image source, Steve Scovell

Steve Scovell, 56, had been working at a bakery for several years when he decided to learn to read and write again.

“It was difficult at the start in terms of reading ingredients… but I got used to it.

“Then about three or four years ago I started getting quite depressed, so I went to find help.”

An estimated nine million UK adults have poor literacy skills, which could affect their job and pay prospects.

New research from non-profit consultancy Pro Bono Economics has found that a worker with literacy skills classed as “very poor” would have to work an extra 18 months in their lifetime to earn the same amount as someone with basic communication skills.

The charity said that around four million workers could receive an estimated £6bn national pay rise if their literacy skills improved.

Those workers on average earn around £1,500 less per year than they would if they had a basic level of literacy, according to the research.

image source, Getty Images

Adults with low-level literacy have limited vocabulary and cannot read lengthy texts on unfamiliar topics, which means they find it hard to do things most people take for granted – like filling out a job application.

But fortunately support was available to Steve. He was helped with his reading and writing by a charity, Read Easy, and has since found a new job with higher pay and preferable hours.

“The hourly rate is better, and it’s 8am-3pm rather than 5pm to 3am,” he says.

“My quality of life is so much better.

“I don’t think without learning to read I would have got this job.”

Jason Vit of the National Literary Trust (NTL), which worked with PBE on the study, said the findings showed “the major economic disadvantage of workers having low literacy.”

He said one of the big challenges for those workers was exclusion from jobs.

“Many require workers to read chemical labelling or have specific instructions. Increasingly, jobs that may not traditionally have required literacy now need it, as the business environment gets more literate.”

The NLT has asked companies to sign up to a pledge to tackle the issue.

“The vision for the literacy business pledge is getting businesses of all sizes to think of what they can do.

image source, Steve Scovell

He explained that some employers are focusing on adult literacy and are trying to be more literacy friendly by normalising it so employees can seek help, support and advice.

“Other businesses are looking at children and young adults, to improve their employability before they enter the workforce.

“We need businesses to be open and honest about the scale of the problem, and have an environment where workers can be open about when they struggle and can offer solutions,” he added.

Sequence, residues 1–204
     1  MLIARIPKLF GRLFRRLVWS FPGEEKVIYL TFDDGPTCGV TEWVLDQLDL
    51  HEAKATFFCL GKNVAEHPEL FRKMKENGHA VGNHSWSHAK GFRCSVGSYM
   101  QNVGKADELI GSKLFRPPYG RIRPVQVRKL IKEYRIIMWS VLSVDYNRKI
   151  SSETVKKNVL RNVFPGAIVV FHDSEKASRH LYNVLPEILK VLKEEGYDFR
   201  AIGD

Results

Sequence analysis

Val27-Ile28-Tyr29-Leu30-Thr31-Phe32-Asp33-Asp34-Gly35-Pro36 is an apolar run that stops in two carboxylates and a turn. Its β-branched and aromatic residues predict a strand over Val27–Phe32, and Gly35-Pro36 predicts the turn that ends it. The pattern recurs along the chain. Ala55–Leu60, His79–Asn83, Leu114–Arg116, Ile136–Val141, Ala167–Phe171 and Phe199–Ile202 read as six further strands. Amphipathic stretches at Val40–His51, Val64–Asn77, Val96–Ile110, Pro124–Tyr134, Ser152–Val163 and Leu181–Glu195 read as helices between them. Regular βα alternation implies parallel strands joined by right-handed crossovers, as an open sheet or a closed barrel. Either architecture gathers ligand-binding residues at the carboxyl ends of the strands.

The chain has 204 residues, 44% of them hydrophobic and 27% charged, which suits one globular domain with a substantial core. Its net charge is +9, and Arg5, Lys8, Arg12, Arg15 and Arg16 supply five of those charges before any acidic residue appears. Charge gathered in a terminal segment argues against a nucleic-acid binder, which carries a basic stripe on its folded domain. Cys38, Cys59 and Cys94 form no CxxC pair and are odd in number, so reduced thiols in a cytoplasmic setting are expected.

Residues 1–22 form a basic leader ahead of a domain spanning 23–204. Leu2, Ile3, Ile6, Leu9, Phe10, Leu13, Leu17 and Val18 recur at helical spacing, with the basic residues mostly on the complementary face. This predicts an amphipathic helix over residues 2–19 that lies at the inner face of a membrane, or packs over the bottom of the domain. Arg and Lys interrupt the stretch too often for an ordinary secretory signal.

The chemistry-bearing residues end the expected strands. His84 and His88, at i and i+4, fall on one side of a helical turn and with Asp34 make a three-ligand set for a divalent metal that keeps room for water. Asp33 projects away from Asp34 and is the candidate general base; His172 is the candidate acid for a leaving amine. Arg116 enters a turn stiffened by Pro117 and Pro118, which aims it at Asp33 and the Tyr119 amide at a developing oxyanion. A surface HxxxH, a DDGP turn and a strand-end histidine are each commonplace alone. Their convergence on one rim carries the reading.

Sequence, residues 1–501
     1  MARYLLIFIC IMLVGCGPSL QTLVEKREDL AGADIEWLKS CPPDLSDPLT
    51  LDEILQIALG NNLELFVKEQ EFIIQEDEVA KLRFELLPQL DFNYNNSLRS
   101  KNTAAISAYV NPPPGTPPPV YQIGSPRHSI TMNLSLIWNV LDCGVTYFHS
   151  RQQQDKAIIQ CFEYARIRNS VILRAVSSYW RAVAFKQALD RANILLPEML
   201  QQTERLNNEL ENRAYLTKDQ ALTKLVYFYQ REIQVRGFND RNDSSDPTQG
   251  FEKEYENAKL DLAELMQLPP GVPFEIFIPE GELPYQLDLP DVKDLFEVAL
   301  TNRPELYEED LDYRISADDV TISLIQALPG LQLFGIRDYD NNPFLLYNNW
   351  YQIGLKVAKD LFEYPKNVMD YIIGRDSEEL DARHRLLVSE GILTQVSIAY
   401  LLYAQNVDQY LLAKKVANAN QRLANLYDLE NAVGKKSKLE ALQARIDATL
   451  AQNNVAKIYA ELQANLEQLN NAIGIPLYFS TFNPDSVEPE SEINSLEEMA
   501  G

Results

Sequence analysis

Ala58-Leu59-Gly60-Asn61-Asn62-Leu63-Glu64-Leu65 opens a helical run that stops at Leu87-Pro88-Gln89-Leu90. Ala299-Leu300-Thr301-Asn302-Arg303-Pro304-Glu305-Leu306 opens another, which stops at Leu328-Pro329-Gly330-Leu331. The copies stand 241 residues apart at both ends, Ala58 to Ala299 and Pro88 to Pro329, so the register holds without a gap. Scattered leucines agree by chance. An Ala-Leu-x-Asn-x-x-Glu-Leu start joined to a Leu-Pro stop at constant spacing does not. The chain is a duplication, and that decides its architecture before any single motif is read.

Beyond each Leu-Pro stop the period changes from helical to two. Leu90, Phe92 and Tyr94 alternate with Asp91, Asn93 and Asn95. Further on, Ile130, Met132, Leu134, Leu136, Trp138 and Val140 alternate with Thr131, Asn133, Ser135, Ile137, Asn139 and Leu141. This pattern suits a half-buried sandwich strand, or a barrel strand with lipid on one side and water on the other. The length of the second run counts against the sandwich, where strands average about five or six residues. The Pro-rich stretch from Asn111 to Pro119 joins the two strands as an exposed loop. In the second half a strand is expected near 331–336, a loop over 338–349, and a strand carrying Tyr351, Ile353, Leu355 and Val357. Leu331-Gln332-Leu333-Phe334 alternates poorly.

For Sue Mann, who works at Blackpool Transport, improving her literacy skills was a daunting prospect at first.

“I was quite nervous and I thought, ‘God I’ll look such a fool if I fail this’.”

When she was at school, Sue felt discouraged and left with no qualifications.

“Teachers used to tell you things like, ‘you’ll always be thick’, ‘you’ll never achieve anything'”.

But after returning to learning, she took a certificate, passed the maths part 100%, and was “over the moon”.

“I thought if I can do that, I can do anything.”

Sue was encouraged by her employer to become a union learning rep – helping others to improve their skills. She believes improving her literacy has given her career a boost as well.

“It gave me the confidence to apply for jobs within my own company.”

image source, Getty Images

James Sykes says he had always “got by” with his English and Maths.

“I left school without anything really, I can’t remember exactly. I did the exams but I wasn’t interested in any of that.

“I have never been very academic, sitting in a classroom environment wasn’t for me. I just wanted to get out of school and get a job, I wanted to join the army – my whole aim in life was to be a soldier.”

His parents weren’t keen on his career choice, so James took an apprenticeship to later become a joiner. He joined the army reserves instead.

But the birth of his son eight years ago prompted him to improve his literacy skills at the age of 40.

Having recently started working for Kirklees Council as a joiner, he got help from his employer and his union to take GCSE English last year.

“I went to college and for some bizarre reason I fell into it quite nicely, it just clicked.

“I’ve never been a good speller, but I have a good command of the language and can use big words in the right places and not sound daft.”

He ended up getting a 6 in his exam – the equivalent of just above a B in the previous grading system.

“It completely blew me away, I was so shocked.”

He says improving his literacy skills will likely help him at the Territorial Army.

“It’s a tick in the box that you’ve got to have to allow you to progress, so it will potentially help me in the future with my military career.”

For more information, visit BBC Radio 5 Live’s Word Matters website or join in the conversation at #BBCWordMatters.

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